A dozen years in the making: Iowa State returns to the AP Top 25

In 2005, senior wide receiver Allen Lazard was nine years old.

The first ever YouTube video was uploaded just five months prior.

That year Iowa State finished third in the Big 12 North Division — yes, that was a thing. The Cyclones conference schedule included games against Nebraska, Missouri, Texas A&M and Colorado.

In 2005, fans could look forward to watching Todd Blythe, who would go on to become the program’s all-time leader in receiving yards. After eight weeks in 2017, Allen Lazard is 300 yards away from claiming the top spot for himself.

In 2005, the south end zone was about a decade away from being bowled-in, and there were no giant scoreboards at either end zone.

Thanks to a convincing 31-13 win at Texas Tech on Saturday, Iowa State earned a spot in the Associated Press Top 25 for the first time since 2005. The Cyclones were ranked as high as No. 22 during that season, but a three-game losing streak in October ended that run.

Simply put, a lot has changed in the time since Iowa State was last ranked. It’s been a long 12 years.

Brent Blum from the Cyclone Radio Network was a junior at Iowa State during the 2005 season, and he pointed out some of the similarities and differences between the 2005 and 2017 teams.

“That’s the great parallel,” Blum said. “There are so many similarities between this year’s team and that year’s team.”

The 2005 team was also led by a strong defense, Blum said. He noted that Blythe was Iowa State’s go-to receiver in 2005 — very similar to Lazard on this team.

The issue for the 2005 team was close losses and missed chances.

“They had numerous missed opportunities that year,” Blum said. “They lost in overtime to Nebraska, Missouri and Kansas that year. So close to having that magical season, but it never came to fruition.

“With some better luck, that could have been a 10-win team. And certainly should have been the Big 12 North champion.”

With a 5-2 record overall and a 3-1 Big 12 record, Iowa State has its best start to the season since 2002. The Cyclones felt they had a realistic shot to host ESPN’s College GameDay this upcoming weekend, and although ESPN elected to go to Ohio State instead, the Cyclones have national recognition for the first time in several years.

Cyclone fan and Iowa State alum Alex Gookin, formerly an Iowa State Daily sports editor who covered the team, said the success is unexpected.

“It’s kind of amazing that they’re there are this point,” Gookin said. “To see them be in this conversation already is really, really exciting as a Cyclone fan.”

Losses to Iowa and Texas early in the season made some fans fearful of another empty year. The Cyclones haven’t had a winning record since 2009, and close losses have been a hallmark of Iowa State football dating back over a decade.

In 2005, as soon as the team got ranked in the AP Top 25, Iowa State lost three straight games — two of which were in overtime.

“It was just a great sense of disappointment after those three,” Blum said. “If you look at all three of those games, Iowa State had chances to win the game and they didn’t.”

Fast-forward 12 years, however, and the Cyclones have hope. Iowa State turned a corner two weeks ago when it beat then-No. 3 Oklahoma on the road. It was just the third time they’ve beaten a top 10 ranked team in this millennium. The other times came against No. 2 Oklahoma State in 2011 and No. 8 Iowa in 2005.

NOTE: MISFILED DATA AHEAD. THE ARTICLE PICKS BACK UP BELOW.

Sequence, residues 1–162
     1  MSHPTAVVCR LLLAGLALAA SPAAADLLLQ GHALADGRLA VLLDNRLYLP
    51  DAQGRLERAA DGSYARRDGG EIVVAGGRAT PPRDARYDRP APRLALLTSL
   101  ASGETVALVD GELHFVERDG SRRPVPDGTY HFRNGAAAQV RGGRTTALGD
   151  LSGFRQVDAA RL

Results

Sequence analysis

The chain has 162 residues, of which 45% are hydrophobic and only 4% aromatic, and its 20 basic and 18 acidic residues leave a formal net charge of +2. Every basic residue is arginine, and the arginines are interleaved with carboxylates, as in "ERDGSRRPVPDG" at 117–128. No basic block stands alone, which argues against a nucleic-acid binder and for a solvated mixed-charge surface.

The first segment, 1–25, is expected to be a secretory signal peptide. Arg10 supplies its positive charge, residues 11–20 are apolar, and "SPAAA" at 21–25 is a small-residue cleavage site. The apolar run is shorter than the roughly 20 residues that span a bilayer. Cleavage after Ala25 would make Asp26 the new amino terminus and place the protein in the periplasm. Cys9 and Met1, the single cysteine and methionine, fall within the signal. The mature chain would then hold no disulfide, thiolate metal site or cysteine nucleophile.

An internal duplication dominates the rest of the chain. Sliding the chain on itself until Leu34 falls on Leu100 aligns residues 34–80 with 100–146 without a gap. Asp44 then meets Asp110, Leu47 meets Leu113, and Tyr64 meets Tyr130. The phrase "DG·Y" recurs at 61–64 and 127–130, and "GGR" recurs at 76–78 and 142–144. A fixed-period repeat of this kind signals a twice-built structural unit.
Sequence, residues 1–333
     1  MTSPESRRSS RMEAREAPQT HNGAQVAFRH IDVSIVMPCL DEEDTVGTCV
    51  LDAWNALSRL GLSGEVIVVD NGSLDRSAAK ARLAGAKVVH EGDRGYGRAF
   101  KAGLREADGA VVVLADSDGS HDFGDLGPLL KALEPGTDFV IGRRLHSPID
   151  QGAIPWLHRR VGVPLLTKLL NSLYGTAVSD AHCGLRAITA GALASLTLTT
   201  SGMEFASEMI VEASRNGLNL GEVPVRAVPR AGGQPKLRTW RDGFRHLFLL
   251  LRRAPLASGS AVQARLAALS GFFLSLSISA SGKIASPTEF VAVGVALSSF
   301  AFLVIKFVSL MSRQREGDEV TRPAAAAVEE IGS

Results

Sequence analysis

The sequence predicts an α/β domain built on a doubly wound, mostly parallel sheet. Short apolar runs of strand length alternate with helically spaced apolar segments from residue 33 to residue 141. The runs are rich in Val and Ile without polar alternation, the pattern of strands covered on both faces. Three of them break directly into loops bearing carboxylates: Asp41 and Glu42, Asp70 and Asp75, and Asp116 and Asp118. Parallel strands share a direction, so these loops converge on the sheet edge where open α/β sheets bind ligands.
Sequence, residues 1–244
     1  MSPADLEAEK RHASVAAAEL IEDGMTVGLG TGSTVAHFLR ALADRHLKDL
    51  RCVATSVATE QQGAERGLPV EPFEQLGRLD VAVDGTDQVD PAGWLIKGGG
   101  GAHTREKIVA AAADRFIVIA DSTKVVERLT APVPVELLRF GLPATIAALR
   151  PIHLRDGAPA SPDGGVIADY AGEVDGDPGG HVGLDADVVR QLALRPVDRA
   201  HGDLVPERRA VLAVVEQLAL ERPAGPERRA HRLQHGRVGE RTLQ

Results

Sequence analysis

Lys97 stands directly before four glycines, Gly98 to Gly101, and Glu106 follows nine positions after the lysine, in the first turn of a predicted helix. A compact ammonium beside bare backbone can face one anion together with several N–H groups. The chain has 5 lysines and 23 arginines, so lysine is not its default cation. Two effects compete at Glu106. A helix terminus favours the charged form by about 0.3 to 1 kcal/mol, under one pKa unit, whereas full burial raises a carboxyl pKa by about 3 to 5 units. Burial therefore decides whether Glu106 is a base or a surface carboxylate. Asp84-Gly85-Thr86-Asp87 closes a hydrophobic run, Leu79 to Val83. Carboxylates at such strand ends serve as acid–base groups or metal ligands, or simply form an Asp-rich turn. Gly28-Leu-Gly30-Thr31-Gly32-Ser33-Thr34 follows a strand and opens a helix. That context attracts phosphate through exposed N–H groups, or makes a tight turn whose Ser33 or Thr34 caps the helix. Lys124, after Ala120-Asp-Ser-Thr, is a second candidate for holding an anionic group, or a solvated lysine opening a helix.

The win was arguably the biggest upset in school history.

Iowa State’s Assistant Athletics Director for Communications Mike Green said that game caused a buzz.

“If you beat a really good team on national television, people are going to talk about you,” Green said.

The upcoming matchup with No. 4 TCU is the first game at Jack Trice Stadium between two ranked teams since No. 20 Nebraska played No. 19 Iowa State in 2002, when the Cyclones won by a final score of 36-14.

While the 2005 team never got ranked again after the three-game losing streak in October, the Cyclones did have a strong resurgence before ultimately falling in the season finale and the bowl game. Iowa State knocked off No. 22 Colorado on senior night in what many people refer to as, “the Tornado Game.”

“That was kind of the stamp on Iowa State’s resurgence,” Blum said.

In the end, however, Blum said the 2005 season is widely looked upon as a disappointment.

What should have been the stepping stone to a greater success was instead a single shining moment, laced with missed chances.

Blum also noted that Iowa State didn’t have to play the top three teams in the Big 12 South that season.

Oklahoma, Texas and Texas Tech were the top dogs in the South, but because of the cross-division scheduling in that time, the Cyclones lucked out and got to face the three bottom teams in the division.

Instead, the Cyclones blew their chance at maintaining national relevance.

“I’ll always refer to it as the ‘what-if season,’” Blum said. “Living through it, you thought this would be the norm, but it wasn’t.

“There’s always that sense of opportunity missed and I think that’s the intrigue of being a Cyclone fan; you never quite have seen the mountaintop, but that’s the year the Cyclones got the closest.”

That leads to another parallel between 2005 and 2017. If Iowa State wants to fulfill its “raise the standard” motto, being ranked No. 25 for one week in October can’t be the end goal.

The task now becomes proving ESPN wrong for not coming to Ames for College GameDay, and showing the college football world that this three-game winning streak isn’t a fluke.

“[The Iowa win] was kind of the key game of that year,” Blum said. “From then on, it seemed like Iowa State was on the way to becoming a really relevant program.”